When Natural Resources Canada researchers held a meeting last January, they came to an important realization about their department’s relationship with First Nations.
Forest scientists often monitor experimental sites, and many at the Laurentian Forestry Centre have set them up on traditional Indigenous territory. The researchers wanted to know what level of knowledge the forest scientists had of First Nations in Quebec.
They brought the scientists into a room in Quebec City, and asked them to point out on a map the locations of their work. Then they compared the results with a map of traditional lands and asked the scientists if they had known about the overlap.
“The result was that they didn’t know that there were Indigenous people near their experimental sites,” said Patrice Bellefleur, a knowledge exchange and program support officer at the Laurentian Forestry Centre, part of Natural Resources Canada.
“That was an experience for the researchers, to know that there are so many Indigenous communities, traditional territories, in the province of Quebec.”
Bellefleur revealed the details of the meeting in an online presentation on Wednesday, arranged by the Canadian Institute of Forestry.
The Jan. 11, 2019 meeting at the Laurentian Forestry Centre was a workshop, that is part of the department’s larger plan to develop relationships with First Nations that it hopes can lead to better forest science.
Like other government departments, Natural Resources Canada has spent the last few years looking at how it can decolonize research, following the outcome of the Truth and Reconciliation Commission.
As a result, the forest research hub and Université Laval produced a guide that was released a few weeks ago laying out what it describes as the “ethical foundations of relationships between researchers and Indigenous communities.”
The guide, "Initiative for Knowledge Co-creation in Collaboration with Indigenous Communities," admits that while scientific research in Indigenous communities has occurred throughout Canada's history, it "did not always respect local practices," to put it mildly.
“In past, there have been many problems in the relationship between scientific researchers and Indigenous communities. Research was more extracted — researchers collected data and Indigenous knowledge. There’s an ethical problem there,” explained Bellefleur.
“That’s why it was very important to think about good practices to adopt, in order to successfully carry out research collaboration with Indigenous communities.”
The department now understands that excluding First Nations and others from scientific research fosters a sense of being "used, exploited and robbed" and generated a "climate of distrust towards researchers, their institutions and their projects."
Through a literature review, workshops and other efforts, researchers looked at different elements of research, like how to agree on team members, how projects should be designed and how experimental sites should be selected.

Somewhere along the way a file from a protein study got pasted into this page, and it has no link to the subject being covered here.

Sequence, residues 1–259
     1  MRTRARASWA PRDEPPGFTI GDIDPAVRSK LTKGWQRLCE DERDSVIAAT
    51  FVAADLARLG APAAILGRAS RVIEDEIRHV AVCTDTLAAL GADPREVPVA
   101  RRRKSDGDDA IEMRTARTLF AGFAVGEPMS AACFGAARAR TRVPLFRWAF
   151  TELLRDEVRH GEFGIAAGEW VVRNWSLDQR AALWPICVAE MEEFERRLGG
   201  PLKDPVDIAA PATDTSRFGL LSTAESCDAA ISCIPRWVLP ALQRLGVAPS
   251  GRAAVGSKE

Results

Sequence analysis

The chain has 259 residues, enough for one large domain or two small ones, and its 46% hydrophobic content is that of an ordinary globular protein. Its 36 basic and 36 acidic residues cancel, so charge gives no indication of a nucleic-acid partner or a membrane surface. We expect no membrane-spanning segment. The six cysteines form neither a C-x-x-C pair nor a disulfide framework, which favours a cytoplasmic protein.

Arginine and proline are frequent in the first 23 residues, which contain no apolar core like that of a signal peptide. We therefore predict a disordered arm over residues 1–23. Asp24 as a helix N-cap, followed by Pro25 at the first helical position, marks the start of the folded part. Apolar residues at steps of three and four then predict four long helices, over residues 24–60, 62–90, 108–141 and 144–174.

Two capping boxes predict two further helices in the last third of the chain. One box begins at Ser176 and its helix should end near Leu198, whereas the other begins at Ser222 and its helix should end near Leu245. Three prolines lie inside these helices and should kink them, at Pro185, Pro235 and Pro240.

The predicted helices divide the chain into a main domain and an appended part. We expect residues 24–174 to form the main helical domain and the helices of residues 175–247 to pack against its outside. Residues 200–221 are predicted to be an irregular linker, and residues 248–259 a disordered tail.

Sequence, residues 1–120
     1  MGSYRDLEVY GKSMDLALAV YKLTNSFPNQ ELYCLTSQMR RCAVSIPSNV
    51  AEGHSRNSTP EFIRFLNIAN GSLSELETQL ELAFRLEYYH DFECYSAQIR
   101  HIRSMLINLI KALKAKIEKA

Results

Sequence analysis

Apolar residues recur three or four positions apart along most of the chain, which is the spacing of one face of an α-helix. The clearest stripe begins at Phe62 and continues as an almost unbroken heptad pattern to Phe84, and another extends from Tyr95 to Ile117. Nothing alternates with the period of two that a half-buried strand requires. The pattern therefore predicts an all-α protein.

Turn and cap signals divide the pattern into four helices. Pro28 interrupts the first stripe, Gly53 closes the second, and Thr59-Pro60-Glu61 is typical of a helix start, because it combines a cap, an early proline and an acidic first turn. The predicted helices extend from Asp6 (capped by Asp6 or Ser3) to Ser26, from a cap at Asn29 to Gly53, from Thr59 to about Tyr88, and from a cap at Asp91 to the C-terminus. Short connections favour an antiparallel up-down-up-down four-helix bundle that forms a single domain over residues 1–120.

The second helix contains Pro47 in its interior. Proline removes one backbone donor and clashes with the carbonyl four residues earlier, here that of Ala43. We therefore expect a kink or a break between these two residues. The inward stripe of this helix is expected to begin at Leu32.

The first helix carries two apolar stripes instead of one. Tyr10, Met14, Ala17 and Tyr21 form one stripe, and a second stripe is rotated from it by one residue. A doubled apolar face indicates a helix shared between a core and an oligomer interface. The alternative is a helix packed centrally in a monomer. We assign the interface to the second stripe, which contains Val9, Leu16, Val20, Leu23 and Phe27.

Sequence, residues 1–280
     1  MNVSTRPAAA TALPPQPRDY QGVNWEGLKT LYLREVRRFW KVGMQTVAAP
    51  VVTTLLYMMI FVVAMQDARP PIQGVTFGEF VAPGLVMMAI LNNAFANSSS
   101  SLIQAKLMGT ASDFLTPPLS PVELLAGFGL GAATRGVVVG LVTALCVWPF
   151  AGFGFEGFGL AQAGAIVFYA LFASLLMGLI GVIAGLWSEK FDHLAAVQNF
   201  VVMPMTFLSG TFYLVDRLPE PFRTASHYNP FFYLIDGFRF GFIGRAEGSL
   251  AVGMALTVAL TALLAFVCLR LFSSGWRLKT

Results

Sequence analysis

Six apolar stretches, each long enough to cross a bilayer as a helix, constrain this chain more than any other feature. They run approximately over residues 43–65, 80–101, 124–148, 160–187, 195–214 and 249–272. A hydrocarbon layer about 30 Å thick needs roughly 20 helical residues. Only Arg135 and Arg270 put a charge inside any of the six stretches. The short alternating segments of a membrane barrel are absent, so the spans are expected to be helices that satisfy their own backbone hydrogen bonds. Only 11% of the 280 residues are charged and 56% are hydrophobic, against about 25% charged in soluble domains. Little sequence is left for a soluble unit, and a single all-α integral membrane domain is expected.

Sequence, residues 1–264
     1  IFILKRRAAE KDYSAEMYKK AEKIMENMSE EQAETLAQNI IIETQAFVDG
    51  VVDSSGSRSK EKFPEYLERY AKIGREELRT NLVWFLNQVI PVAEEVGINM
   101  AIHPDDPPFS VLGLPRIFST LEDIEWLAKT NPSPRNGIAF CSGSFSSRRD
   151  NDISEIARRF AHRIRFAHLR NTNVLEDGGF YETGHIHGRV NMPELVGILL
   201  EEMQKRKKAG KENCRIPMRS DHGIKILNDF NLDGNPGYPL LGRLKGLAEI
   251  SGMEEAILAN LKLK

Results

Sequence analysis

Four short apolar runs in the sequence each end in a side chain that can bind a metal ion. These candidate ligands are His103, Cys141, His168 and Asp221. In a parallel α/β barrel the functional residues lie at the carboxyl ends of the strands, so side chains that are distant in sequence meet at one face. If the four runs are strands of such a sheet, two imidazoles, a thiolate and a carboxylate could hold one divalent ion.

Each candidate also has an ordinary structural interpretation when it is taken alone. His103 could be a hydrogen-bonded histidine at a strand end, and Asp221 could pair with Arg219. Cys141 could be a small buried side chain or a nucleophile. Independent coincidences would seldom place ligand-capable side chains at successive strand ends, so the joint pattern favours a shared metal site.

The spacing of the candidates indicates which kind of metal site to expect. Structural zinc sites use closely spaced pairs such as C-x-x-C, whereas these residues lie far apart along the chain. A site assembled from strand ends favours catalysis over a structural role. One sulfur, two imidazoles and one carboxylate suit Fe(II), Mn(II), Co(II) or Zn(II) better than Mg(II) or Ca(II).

With help from La Boîte Rouge VIF, a non-profit focused on cultural mediation, the guide suggests that scientists to do things like “show respect for the places you visit” and “be mindful of the language you use.”
It identifies many obstacles to Indigenous collaboration, and breaking down the colonial mindset.
“Challenges are numerous and arise at every stage of the research process, particularly with respect to funding, scheduling, administrative procedures and dialogue between the different kinds of knowledge,” reads the guide.
For example, research grants often come with strings attached — which weighs on the design of a study. There might be strict timelines, or researchers might have to show they’ve achieved certain milestones, which interfere with establishing long-term relationships with Indigenous communities.
“Preoccupied with the careful and efficient use of resources...researchers may be tempted to limit their interactions with the communities,” says the guide.
“Indeed, tensions may arise on account of a research agenda that does not take into consideration the community’s calendar.”
The language used can also be problematic. Scientific research talks about “validation,” but the idea of validating Indigenous knowledge implicitly puts it on a higher pedestal, the guide notes.
Indigenous knowledge is also “produced in a cultural context that generally involves a broad vision of nature,” and taking it out of this context — by integrating it with scientific research — “is to deprive it of meaning.”
Natural Resources Canada has spent the last few years looking at how it can decolonize research, following the outcome of the Truth and Reconciliation Commission.
Some Indigenous knowledge is passed down from generation to generation, and is difficult to protect as intellectual property, because it belongs to the community as a whole.
Science also tends to compartmentalize information, while for many Indigenous communities, humans are considered part of nature itself.
After one exercise, the researchers drew up a list of do’s and don’ts. “No volunteering,” one of the bullet points warns. In order for knowledge and skills to be recognize, people must be paid.
In general, there are five broad stages that Natural Resources Canada researchers should take to initiate a relationship with Indigenous groups, Bellefleur said.
The first stage is to understand the realities of communities and the history of Indigenous peoples in Canada, by reading things like the Truth and Reconciliation Commission reports.
Second, identify a community to work with, using maps of traditional territories. Third, become familiar with its history, language and present circumstances. Fourth, figure out who to contact.
Finally the fifth stage: “make initial contact and hold a meeting (ideally in person).”